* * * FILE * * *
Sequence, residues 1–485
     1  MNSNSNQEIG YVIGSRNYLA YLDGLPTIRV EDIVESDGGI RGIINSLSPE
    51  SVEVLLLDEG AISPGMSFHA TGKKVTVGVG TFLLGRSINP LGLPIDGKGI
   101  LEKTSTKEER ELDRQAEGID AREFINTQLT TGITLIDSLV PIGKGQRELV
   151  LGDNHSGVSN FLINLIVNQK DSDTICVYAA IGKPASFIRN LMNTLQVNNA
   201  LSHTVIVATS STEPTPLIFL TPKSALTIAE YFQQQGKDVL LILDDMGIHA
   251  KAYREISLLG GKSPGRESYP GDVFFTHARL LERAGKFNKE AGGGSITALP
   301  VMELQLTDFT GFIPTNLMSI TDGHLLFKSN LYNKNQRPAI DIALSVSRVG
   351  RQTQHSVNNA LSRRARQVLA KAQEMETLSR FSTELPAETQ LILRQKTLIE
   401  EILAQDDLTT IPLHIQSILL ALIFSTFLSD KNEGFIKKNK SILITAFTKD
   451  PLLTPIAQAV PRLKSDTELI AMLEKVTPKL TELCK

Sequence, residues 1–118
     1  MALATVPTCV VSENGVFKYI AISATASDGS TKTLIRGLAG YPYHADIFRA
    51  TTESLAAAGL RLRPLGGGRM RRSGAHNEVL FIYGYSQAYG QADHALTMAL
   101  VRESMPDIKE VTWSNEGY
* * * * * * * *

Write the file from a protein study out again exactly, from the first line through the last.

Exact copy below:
Sequence, residues 1–485
     1  MNSNSNQEIG YVIGSRNYLA YLDGLPTIRV EDIVESDGGI RGIINSLSPE
    51  SVEVLLLDEG AISPGMSFHA TGKKVTVGVG TFLLGRSINP LGLPIDGKGI
   101  LEKTSTKEER ELDRQAEGID AREFINTQLT TGITLIDSLV PIGKGQRELV
   151  LGDNHSGVSN FLINLIVNQK DSDTICVYAA IGKPASFIRN LMNTLQVNNA
   201  LSHTVIVATS STEPTPLIFL TPKSALTIAE YFQQQGKDVL LILDDMGIHA
   251  KAYREISLLG GKSPGRESYP GDVFFTHARL LERAGKFNKE AGGGSITALP
   301  VMELQLTDFT GFIPTNLMSI TDGHLLFKSN LYNKNQRPAI DIALSVSRVG
   351  RQTQHSVNNA LSRRARQVLA KAQEMETLSR FSTELPAETQ LILRQKTLIE
   401  EILAQDDLTT IPLHIQSILL ALIFSTFLSD KNEGFIKKNK SILITAFTKD
   451  PLLTPIAQAV PRLKSDTELI AMLEKVTPKL TELCK

Sequence, residues 1–118
     1  MALATVPTCV VSENGVFKYI AISATASDGS TKTLIRGLAG YPYHADIFRA
    51  TTESLAAAGL RLRPLGGGRM RRSGAHNEVL FIYGYSQAYG QADHALTMAL
   101  VRESMPDIKE VTWSNEGY